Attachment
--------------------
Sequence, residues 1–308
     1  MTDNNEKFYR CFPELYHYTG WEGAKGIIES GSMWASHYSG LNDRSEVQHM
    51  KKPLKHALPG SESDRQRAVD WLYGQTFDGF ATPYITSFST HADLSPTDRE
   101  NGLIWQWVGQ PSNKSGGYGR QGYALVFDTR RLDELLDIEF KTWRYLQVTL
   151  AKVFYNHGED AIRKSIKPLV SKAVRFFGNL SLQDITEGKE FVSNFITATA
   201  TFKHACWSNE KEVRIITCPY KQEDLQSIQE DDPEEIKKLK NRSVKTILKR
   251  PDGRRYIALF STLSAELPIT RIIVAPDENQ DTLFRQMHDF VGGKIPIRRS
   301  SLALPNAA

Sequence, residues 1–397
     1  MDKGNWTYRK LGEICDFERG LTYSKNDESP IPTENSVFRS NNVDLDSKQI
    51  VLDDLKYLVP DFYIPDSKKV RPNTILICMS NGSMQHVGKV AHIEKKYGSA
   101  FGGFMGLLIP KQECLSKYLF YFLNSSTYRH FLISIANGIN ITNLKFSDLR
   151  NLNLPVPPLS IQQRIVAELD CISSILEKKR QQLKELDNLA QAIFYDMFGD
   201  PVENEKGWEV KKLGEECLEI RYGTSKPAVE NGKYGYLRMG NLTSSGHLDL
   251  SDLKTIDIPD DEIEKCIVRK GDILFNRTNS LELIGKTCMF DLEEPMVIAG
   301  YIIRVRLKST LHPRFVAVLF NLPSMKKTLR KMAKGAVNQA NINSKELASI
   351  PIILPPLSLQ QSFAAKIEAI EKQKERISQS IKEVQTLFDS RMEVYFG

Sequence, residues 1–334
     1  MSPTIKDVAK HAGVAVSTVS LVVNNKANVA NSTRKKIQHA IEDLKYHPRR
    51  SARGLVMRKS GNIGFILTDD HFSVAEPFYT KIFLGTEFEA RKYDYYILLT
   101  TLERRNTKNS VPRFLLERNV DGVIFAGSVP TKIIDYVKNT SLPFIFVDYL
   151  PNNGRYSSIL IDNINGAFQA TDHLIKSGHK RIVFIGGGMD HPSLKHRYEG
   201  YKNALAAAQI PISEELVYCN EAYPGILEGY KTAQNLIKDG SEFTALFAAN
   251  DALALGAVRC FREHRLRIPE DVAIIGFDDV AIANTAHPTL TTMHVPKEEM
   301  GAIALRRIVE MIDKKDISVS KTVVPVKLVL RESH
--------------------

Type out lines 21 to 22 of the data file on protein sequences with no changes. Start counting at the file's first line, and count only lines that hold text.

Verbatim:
   101  TLERRNTKNS VPRFLLERNV DGVIFAGSVP TKIIDYVKNT SLPFIFVDYL
   151  PNNGRYSSIL IDNINGAFQA TDHLIKSGHK RIVFIGGGMD HPSLKHRYEG